not many deer crossed the road back then
but life was wild i remember the call

october 1959 i was nearly 9 mama was
in the house on the phone i could hear her

crying moaning talking i was standing behind
the barn it was hotter than hot i started praying

for granddaddy to live to be all right i was just
a boy but granddaddy was special to me real

special he was wild like the deer that appeared
and vanished when granddaddy drove 90 miles

per hour on highway 261 between fordsville
and hardinsburg heading from centertown to

valley station going home me riding shotgun
windows down flying on old kentucky country

backroads so many times granddaddy stopped
at the little mcquady grocery near rough river to get me

soda crackers and ginger ale cause back then
i got car sick but granddaddy only laughed and

smiling talked to me like i was real and not just
a kid i remember a 6 pack of beer on the floor

in the back and a pint of whiskey in the glove box
granddaddy was real when he breathed

the earth breathed he moved things he was
a grader operator building the watterson

expressway around louisville he was a barber
he cut hair he made records he traveled and

sang on radio stations and at concerts he
yodeled he cleared the land the rundown

farm he bought that had belonged to his
mom and dad my greatgrandparents render

he went fox and coon hunting with his friends
in the middle of the night always drinking

whiskey and telling stories that made the men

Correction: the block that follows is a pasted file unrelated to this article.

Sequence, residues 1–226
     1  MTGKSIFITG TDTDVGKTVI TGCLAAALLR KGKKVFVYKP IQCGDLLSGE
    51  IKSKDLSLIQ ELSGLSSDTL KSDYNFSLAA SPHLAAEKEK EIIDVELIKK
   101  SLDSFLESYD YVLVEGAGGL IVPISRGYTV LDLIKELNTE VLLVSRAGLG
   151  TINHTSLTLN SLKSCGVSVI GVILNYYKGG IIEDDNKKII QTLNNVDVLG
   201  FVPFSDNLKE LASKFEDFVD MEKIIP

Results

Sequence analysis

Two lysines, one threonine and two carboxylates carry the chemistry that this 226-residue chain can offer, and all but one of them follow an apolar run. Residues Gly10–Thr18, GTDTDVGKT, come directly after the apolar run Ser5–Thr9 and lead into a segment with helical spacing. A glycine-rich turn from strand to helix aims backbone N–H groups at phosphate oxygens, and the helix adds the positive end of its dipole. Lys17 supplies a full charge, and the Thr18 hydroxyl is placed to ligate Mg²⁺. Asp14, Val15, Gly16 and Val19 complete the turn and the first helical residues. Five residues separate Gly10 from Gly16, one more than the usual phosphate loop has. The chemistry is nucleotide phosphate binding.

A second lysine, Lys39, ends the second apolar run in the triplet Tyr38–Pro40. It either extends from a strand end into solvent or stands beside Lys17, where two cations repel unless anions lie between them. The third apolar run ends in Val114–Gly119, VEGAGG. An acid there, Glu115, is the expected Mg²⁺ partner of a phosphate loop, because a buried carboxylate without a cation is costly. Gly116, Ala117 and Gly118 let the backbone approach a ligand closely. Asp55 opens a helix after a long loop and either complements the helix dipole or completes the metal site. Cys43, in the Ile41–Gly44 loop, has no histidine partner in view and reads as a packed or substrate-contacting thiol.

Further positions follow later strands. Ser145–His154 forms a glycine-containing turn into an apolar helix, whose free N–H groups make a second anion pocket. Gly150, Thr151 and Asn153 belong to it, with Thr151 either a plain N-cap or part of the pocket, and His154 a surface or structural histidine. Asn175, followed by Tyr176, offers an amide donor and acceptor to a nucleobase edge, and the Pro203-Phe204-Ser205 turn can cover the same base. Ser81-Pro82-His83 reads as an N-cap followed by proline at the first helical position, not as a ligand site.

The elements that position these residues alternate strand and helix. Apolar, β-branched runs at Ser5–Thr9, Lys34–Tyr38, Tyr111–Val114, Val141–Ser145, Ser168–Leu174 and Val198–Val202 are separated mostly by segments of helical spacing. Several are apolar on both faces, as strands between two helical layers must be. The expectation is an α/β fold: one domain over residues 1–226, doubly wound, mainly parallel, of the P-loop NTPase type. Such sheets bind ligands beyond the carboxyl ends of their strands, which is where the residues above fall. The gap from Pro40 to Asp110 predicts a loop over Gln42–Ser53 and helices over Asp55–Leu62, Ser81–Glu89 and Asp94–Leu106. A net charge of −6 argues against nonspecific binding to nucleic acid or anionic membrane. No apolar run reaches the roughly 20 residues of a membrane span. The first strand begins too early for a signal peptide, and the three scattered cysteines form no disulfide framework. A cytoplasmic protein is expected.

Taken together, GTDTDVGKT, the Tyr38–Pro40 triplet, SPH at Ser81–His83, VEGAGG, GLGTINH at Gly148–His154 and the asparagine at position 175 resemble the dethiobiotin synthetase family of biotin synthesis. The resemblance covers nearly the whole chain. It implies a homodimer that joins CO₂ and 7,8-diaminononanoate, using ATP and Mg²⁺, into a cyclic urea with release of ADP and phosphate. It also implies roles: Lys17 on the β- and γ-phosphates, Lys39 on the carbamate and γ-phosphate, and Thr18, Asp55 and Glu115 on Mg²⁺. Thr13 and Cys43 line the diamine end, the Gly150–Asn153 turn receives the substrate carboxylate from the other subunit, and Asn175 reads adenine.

laugh i know cause i went with him whenever

i was allowed granddaddy didn’t preach but
his life was a sermon he was spirit holy spirit

no matter what anyone says so i drive fast
with the windows down and i don’t wear a seat belt

and i’m taking a hard curve with the long wind
and the tall green trees and the turquoise sky

and the energy comes to me and it fills me and
i feel what granddaddy felt the energy of life of sex

of love of family of longing and i smile and i cry
on this hot august morn and i know that somehow

granddaddy’s spirit is still here with me and my
head and my body want to explode but i hold

on to the wheel with all my might moving from
day into night and back to light finally finally



Ron Whitehead is a poet, writer, editor, publisher, organizer, scholar, and professor. He grew up on a farm in Kentucky and attended the University of Louisville and Oxford University. He is the recipient of numerous state, national, and international awards and prizes, including The All Kentucky Poetry Prize, The Joshua B. Everett Oxford Scholar Award, English Speaking Union Oxford Scholarship, and The Yeats Club of Oxford’s Prize for Poetry. Whitehead’s works have been published internationally in a diverse range of publications from Northwestern University’s Triquarterly to the Czech Republic’s Artforum to Japan’s Blue Beat Jacket to England’s Beat Scene to Louisana’s Southern Review and New York City’s Tribe magazine.

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